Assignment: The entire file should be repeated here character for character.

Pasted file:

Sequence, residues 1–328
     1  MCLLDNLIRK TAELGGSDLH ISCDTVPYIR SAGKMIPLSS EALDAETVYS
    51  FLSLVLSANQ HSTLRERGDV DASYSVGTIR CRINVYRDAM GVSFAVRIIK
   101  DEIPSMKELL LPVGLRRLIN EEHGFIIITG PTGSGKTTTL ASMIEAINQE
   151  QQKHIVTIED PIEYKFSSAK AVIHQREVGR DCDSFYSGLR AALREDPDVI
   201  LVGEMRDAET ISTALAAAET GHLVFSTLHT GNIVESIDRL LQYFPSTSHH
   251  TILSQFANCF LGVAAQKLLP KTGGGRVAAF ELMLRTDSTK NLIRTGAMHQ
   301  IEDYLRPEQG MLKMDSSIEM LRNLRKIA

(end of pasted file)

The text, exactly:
Sequence, residues 1–328
     1  MCLLDNLIRK TAELGGSDLH ISCDTVPYIR SAGKMIPLSS EALDAETVYS
    51  FLSLVLSANQ HSTLRERGDV DASYSVGTIR CRINVYRDAM GVSFAVRIIK
   101  DEIPSMKELL LPVGLRRLIN EEHGFIIITG PTGSGKTTTL ASMIEAINQE
   151  QQKHIVTIED PIEYKFSSAK AVIHQREVGR DCDSFYSGLR AALREDPDVI
   201  LVGEMRDAET ISTALAAAET GHLVFSTLHT GNIVESIDRL LQYFPSTSHH
   251  TILSQFANCF LGVAAQKLLP KTGGGRVAAF ELMLRTDSTK NLIRTGAMHQ
   301  IEDYLRPEQG MLKMDSSIEM LRNLRKIA